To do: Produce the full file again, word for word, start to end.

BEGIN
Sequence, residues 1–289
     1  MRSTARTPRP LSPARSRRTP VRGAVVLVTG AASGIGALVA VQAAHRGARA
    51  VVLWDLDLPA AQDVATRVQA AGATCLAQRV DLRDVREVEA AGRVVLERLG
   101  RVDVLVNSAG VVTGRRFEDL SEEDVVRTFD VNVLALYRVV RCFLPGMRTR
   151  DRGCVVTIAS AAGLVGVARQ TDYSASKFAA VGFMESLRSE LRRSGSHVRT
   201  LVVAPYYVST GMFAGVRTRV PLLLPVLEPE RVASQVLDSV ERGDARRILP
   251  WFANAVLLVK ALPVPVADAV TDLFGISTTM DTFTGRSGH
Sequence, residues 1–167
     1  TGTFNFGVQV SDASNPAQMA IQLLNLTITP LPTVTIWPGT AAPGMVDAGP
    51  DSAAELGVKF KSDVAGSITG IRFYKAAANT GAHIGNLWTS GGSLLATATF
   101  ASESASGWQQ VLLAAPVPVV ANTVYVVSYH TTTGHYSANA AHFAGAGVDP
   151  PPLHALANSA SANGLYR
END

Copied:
Sequence, residues 1–289
     1  MRSTARTPRP LSPARSRRTP VRGAVVLVTG AASGIGALVA VQAAHRGARA
    51  VVLWDLDLPA AQDVATRVQA AGATCLAQRV DLRDVREVEA AGRVVLERLG
   101  RVDVLVNSAG VVTGRRFEDL SEEDVVRTFD VNVLALYRVV RCFLPGMRTR
   151  DRGCVVTIAS AAGLVGVARQ TDYSASKFAA VGFMESLRSE LRRSGSHVRT
   201  LVVAPYYVST GMFAGVRTRV PLLLPVLEPE RVASQVLDSV ERGDARRILP
   251  WFANAVLLVK ALPVPVADAV TDLFGISTTM DTFTGRSGH
Sequence, residues 1–167
     1  TGTFNFGVQV SDASNPAQMA IQLLNLTITP LPTVTIWPGT AAPGMVDAGP
    51  DSAAELGVKF KSDVAGSITG IRFYKAAANT GAHIGNLWTS GGSLLATATF
   101  ASESASGWQQ VLLAAPVPVV ANTVYVVSYH TTTGHYSANA AHFAGAGVDP
   151  PPLHALANSA SANGLYR